Although I can only ski for no more that an hour or so, for 9 euros ($9) you can spend an entire day on groomed trails with spectacular mountain views. Our favorite spot, only a half hour away is La Vattay, on the plateau between the Valserine and Menthières in the Jura mountains.

Over 90 miles of trails wind through the pine filled forests and onto the open plateau where cows graze in the summer. Though I have skied the same route many times, I still get stymied because I am unable to navigate the 60 foot drop offs that end in sharp turns.

Luckily strategically placed gym mats are propped against trees at the bottom of curving slopes. To me those bright red mats are like STOP signs, so whenever I see one I pop off my skis and proceed by foot to the bottom of the steep incline. The only “snow plowing” I learned as a kid involved my back and a shovel, not my legs and skis.

If you grow up in this area, skiing is like riding a bike. You learn at an early age and never forget. Schools here take kids on ski day outings and across Europe people plan vacations around the sacred “ski week” holiday, a mandatory February break from school.

Depending on weather conditions ski stations are open from the end of mid December to end of March. Alas each year the ski season is shortened due to lack of snow. Global warming is wreaking havoc on the lower level of ski resorts.

But until the day snow becomes extinct, I will keep heading up going above the rim where I breathe, glide, breathe, slide, and savor life above the clouds.

Happy Father’s Day Coach – Thanks for the Legacy

Coach "Mac" - Ralph McKinzie

Coach “Mac” – Ralph McKinzie

On June 5, 1983, mere months after a car accident in France ended my career as professional athlete, I wrote this letter to my grandpa Coach ‘Mac’ Ralph McKinzie. a beloved college coach.

Today, I can address this same letter to my dad, who influenced just as many high school athletes as my grandpa did at the university level.

 

 

Dear Coach Mac,

I want to wish you a Happy Father’s Day, not as your granddaughter but as an athlete. Though I never had the opportunity to play football on your team (football is forbidden for girls, even tomboy girls) I still look to you as an example. As an athlete I know the impact you had as a coach, but as a woman I can express emotions more openly than a man. Today I am writing on behalf of all the boys you fathered on the football field who would wish you a Happy Dad’s Day if they could find the words.Jim & Grandpa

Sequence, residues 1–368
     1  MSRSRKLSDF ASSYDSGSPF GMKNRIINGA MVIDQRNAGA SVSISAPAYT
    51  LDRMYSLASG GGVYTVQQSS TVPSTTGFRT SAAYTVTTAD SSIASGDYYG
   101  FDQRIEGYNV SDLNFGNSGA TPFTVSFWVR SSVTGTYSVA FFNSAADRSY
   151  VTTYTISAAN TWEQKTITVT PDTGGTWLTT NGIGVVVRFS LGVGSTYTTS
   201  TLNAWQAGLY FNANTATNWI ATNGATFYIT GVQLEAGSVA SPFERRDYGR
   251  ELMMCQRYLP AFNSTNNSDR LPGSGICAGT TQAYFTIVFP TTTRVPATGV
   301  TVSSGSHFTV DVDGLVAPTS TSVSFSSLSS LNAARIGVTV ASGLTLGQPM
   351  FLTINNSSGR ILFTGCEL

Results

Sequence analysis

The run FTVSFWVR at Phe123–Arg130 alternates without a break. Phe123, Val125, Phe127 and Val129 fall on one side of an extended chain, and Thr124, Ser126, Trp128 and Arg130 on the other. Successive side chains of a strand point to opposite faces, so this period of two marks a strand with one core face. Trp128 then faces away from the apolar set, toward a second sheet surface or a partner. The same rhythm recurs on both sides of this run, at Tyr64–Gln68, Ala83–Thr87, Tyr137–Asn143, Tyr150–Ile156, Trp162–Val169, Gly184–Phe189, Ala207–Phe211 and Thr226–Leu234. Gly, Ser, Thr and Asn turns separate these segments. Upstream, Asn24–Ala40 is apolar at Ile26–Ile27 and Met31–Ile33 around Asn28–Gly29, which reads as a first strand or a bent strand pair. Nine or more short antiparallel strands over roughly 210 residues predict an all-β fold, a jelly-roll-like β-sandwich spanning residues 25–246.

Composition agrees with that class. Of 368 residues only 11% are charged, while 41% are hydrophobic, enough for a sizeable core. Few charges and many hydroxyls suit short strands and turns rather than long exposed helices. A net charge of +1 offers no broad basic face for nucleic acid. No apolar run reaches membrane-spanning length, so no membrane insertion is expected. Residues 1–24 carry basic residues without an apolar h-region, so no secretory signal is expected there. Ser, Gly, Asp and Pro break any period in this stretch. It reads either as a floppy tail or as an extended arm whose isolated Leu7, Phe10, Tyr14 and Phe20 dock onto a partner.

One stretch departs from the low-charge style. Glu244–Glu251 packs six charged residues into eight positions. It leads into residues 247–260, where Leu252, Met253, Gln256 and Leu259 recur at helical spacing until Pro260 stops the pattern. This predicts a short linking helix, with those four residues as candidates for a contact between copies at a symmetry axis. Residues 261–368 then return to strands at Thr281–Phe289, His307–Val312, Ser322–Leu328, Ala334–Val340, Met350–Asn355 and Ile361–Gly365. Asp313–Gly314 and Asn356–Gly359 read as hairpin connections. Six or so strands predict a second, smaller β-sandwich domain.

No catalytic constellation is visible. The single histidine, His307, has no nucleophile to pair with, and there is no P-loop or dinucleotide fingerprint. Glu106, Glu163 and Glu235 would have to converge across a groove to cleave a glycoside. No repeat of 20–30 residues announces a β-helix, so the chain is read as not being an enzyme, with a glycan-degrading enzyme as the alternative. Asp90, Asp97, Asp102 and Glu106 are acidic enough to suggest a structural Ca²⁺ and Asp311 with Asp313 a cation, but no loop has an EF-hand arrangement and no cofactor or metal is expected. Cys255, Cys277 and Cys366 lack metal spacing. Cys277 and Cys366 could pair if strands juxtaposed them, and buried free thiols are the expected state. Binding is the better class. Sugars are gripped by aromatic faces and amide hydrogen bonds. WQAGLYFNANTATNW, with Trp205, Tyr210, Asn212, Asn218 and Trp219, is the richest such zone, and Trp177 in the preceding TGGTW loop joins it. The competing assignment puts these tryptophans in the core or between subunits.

In our society men are not allowed to show feelings; it is uncharacteristic of the American male, especially husky football players, to write thank you letters, so you’ll never realize the number of lives you touched. Your influence on one boy, Ronald Reagan, who became President of the United States, is probably the most outstanding example of the far-reaching effects of your coaching. Many men, less acclaimed perhaps, but equally important, are fathering children and becoming productive citizens because of the impact you had as a coach, developing character. Many continue to hurdle life’s hardships because of the never-give-up attitude you instilled on McKinzie Field.

Coach Jim

Jim McKinzie – Eureka College

I am one of those former athletes. I never endured the duck walk, but I know enough of your coaching philosophies to have that iron will ingrained, a will that kept me alive this year. After the accident I thought I would never get out of bed, days passed from minute to minute enduring pain. When walking from one room to another seemed insurmountable, you were my inspiration. I thought of you pacing the football field. Not all your former athletes will have suffered the same trials as I, but each will have endured hard times, drawing on the strength you helped them develop off the field.